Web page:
Most Archdioceses have issued dispensations about meatless Fridays this year

Yes, Roman Catholics Can Eat Corned Beef This Saint Patrick’s Day

For about 1700 years, Roman Catholics have observed the holiday of Lent for the six weeks before Easter. During this holiday period, the eating of meat on Fridays has been forbidden. The reason is given in the Code of Canon Law regarding the Days of Penance. Canonical Law 251 reads as follows.

“Abstinence from meat, or from some other food as determined by the Episcopal Conference, is to be observed on all Fridays, unless a solemnity should fall on a Friday. Abstinence and fasting are to be observed on Ash Wednesday and Good Friday.”

That’s the reason why you see McDonald’s, Arby’s, and other fast food restaurants promoting their fish sandwiches so heavily this time of year. Because for 1.2 billion Roman Catholics around the world, the prohibition from eating meat has been ingrained since the very first days of catechism.

Roman Catholics are used to meatless Fridays, but what happens when they collide with other holidays?
Canonical Law dictates that individual Dioceses, not the Vatican, make decisions about corned beef. [Image by Nattee Chalermtiragool/Shutterstock Images]

Saint Patrick’s Day Traditions

Then, you have Saint Patrick’s Day, celebrated annually on March 17. This holiday is celebrated with some bits of excess, including beer that’s been tinted green and traditional Irish foods, such as cabbage, soda bread, and, of course, corned beef.

Of course, because of the way the calendar works, March 17 falls on a Friday during Lent in certain years. The last time this happened was in 2006. Before that, it was 2000. The next time Saint Patrick’s Day falls on a Friday will be in 2023. So, you can see that this intersection doesn’t happen that often. But when it does, it creates a small problem for Roman Catholics the world over.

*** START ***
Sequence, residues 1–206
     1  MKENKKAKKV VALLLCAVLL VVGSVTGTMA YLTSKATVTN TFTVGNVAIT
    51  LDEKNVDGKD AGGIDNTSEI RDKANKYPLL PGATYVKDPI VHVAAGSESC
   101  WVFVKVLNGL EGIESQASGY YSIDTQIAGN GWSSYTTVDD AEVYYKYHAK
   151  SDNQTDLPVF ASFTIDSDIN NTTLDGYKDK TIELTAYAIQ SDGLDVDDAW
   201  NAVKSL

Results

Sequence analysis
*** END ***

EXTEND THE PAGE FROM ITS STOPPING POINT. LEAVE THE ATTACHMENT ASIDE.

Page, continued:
Uh Oh

Does this mean that a devout Catholic cannot eat corned beef on Saint Patrick’s Day?

Well, thankfully, there’s a provision in Canonical Law that allows the Episcopal Conference to change the rules and make exceptions. Law 1253 states the following.

“The conference of bishops can determine more precisely the observance of fast and abstinence as well as substitute other forms of penance, especially works of charity and exercises of piety, in whole or in part, for abstinence and fast.”

In the United States, almost every Catholic has a dispensation from their archdiocese and bishop. According to one archbishop, Gregory Aymond, the head of the Archdiocese of New Orleans, everyone in the region can partake of meat on Saint Patrick’s Day. If someone eats corned beef on March 17, they must choose another day of the week to abstain from meat or perform an act of penance that is a larger sacrifice.

Corned Beef and Catholics will come into collision this Friday during Saint Patrick's Day
It’s a Happy Saint Patrick’s Day for most Roman Catholics this year. [Image by Svetlana Okeana/Shutterstock Images]

We said almost every Catholic. According to the Catholic News Agency, two regions have expressly announced that they will not be granting a dispensation. If you live in the Archdiocese of Denver, Colorado, or the Diocese of Lincoln, Nebraska, you are out of luck and need to wait until Saturday to eat your annual corned beef and cabbage feast.

Other Alternatives to Meat

At least, however, during modern times, Catholics only have to suffer through meatless Fridays during Lent. There was a time when meatless Fridays were a year round trial. So, this isn’t the first time that the needs of the common man have butted heads with canonical law. According to traditional Catholic law, meat comes from animals who live on land, such as chickens, cows, sheep, or pigs. Birds are also included in the list of meat. However, other delicacies have found themselves at odds with canon. For example, in parts of South America, the capybara is a traditional Lenten feast. The capybara is essentially a large partially aquatic rodent which is related to the guinea pig. But, the capybara is considered a fish according to Catholic law.

That’s because of an argument put forth in the 17th century when the bishop of Quebec convinced Rome that the beaver counted as fish because it spent most of its time in the water. Now, in modern times, the Archdiocese of Detroit counts the muskrat as a fish as well.

At least this proves that in some things, the Church moves with the times.

[Featured Image by Brent Hofacker/Shutterstock Images]

Comments